GPhC Pre-registration Assessment

The Best Outcome Starts Here


GPhC Pre-registration Assessment

As any aspiring student pharmacist will know, pre-registration trainees are required to sit the GPhC’s Pre-Registration Assessment before they are able to become a fully qualified pharmacist.

The assessment has two papers and a pre-registration pharmacist is able to sit this assessment three times. If they have not passed the assessment by the third attempt, their careers in pharmacy are effectively over as the GPhC will not allow them to progress without passing the assessment.

This means that, for some, all the years of hard work at university and working ‘on the job; during their pre-registration year has all been for nothing.

Understandably many wish to appeal when they fail this assessment for the third time. However, they can only do so where there are grounds to appeal.

This year, pre-registration pharmacists were asked for feedback in relation to the pre-registration assessment and, alarmingly, just under half of the responses of those who provided feedback stated that they did not believe that paper two of the assessment was a ‘true or accurate reflection of the day-to-day practice of a newly qualified pharmacist.’

121 pre-registration pharmacists responded with feedback to the British Pharmaceutical Students’ Association and provided a negative answer to the question of whether paper 2 was comparable to practice.

Some of the candidates sitting the assessment reported that the options available as answers on the paper were limited whereas in reality, there were better options available.

An example of this is a question relating to a 15 year old girl who attends the pharmacy having had sex 4 days ago and seeking contraceptive options after the event. Many pre-registration pharmacists stated that they would have given the patient ulipristal as an alternative to the options provided on paper two of the assessment.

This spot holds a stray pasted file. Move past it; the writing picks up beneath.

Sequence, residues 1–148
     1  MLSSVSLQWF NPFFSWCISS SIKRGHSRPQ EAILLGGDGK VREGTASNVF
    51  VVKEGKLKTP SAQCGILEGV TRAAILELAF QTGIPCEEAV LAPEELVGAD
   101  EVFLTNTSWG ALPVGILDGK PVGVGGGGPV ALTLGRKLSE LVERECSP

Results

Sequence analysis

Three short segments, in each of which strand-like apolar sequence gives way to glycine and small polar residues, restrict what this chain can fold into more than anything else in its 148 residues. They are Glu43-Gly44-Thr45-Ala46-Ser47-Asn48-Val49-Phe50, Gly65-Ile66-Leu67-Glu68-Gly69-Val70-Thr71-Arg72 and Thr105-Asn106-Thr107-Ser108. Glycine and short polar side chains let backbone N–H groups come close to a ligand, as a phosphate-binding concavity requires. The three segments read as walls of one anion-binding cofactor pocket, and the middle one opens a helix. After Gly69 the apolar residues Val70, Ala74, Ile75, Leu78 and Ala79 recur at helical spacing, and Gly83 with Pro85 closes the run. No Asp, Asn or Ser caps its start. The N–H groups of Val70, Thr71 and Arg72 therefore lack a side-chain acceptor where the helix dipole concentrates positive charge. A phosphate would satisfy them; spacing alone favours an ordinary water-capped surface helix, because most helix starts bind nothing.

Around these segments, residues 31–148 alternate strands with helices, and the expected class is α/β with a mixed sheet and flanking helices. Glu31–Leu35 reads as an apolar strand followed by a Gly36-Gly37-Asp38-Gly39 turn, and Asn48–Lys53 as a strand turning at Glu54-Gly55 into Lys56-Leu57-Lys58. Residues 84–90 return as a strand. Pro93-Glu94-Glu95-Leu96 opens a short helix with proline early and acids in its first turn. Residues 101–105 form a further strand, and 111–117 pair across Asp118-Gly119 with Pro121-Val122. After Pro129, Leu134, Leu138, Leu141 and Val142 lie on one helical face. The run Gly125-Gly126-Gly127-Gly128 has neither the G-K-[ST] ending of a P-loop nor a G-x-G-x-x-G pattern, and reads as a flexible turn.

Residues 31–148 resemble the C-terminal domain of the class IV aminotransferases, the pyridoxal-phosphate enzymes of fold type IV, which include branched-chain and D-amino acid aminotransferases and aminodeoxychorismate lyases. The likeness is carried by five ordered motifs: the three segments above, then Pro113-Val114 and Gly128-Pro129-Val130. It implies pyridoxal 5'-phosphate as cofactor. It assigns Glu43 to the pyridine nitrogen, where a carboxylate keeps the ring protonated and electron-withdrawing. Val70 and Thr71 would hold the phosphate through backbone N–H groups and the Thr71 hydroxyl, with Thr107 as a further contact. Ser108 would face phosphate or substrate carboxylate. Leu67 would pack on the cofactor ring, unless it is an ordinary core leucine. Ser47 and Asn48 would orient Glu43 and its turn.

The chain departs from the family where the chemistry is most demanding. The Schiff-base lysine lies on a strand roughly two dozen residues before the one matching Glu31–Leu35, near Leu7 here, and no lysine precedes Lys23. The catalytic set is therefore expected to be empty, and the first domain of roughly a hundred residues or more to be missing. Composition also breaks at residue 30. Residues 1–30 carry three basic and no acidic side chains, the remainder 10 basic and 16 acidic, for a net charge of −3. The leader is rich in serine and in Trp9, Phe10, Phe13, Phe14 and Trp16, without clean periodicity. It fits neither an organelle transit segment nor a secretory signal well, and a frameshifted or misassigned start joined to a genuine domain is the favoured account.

In addition, some changes in pharmaceutics have taken place over the past year and candidates expected these changes to be included in the pre-registration assessment but they were not.

Candidates also reported that the paper was not the same level of difficulty as the sample papers produced by the GPhC and published on its website.

In relation to paper 1 of the pre-registration assessment, 124 pre-registration pharmacists provided feedback and stated that the content was not varied enough and so only some subjects learnt in the registration assessment framework were being tested. It was also suggested that the guidance provided to pre-registration pharmacists was not at all helpful as the guidance did not reflect the sorts of questions that were asked.

It has been reported that the BPSA who asked for the feedback, received 249 responses in total with ‘little or no positive feedback’.

So, will this lead to a change in the pre-registration assessment for pharmacists? Perhaps so but not yet. As a result, more and more pre-registration pharmacists may find themselves failing this assessment three times, despite thorough preparation.

Here at Burton Copeland, our specialist team can assist if you are a pre-registration pharmacist who finds yourself in this situation and wants to appeal. Contact us today on 0161 827 9500 or fill out our online form. We can help.

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